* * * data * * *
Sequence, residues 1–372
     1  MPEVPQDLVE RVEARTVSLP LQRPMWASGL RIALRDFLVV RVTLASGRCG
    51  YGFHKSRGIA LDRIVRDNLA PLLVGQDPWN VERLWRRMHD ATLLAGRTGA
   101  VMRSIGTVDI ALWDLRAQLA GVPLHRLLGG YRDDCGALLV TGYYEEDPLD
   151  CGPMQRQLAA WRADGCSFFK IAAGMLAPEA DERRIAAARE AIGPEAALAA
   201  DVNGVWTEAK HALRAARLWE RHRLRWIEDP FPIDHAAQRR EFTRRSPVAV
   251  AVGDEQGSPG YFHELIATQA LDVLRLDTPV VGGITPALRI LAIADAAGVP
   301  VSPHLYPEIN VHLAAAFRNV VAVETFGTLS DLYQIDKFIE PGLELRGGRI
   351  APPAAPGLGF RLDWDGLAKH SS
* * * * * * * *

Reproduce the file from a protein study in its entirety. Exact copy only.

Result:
Sequence, residues 1–372
     1  MPEVPQDLVE RVEARTVSLP LQRPMWASGL RIALRDFLVV RVTLASGRCG
    51  YGFHKSRGIA LDRIVRDNLA PLLVGQDPWN VERLWRRMHD ATLLAGRTGA
   101  VMRSIGTVDI ALWDLRAQLA GVPLHRLLGG YRDDCGALLV TGYYEEDPLD
   151  CGPMQRQLAA WRADGCSFFK IAAGMLAPEA DERRIAAARE AIGPEAALAA
   201  DVNGVWTEAK HALRAARLWE RHRLRWIEDP FPIDHAAQRR EFTRRSPVAV
   251  AVGDEQGSPG YFHELIATQA LDVLRLDTPV VGGITPALRI LAIADAAGVP
   301  VSPHLYPEIN VHLAAAFRNV VAVETFGTLS DLYQIDKFIE PGLELRGGRI
   351  APPAAPGLGF RLDWDGLAKH SS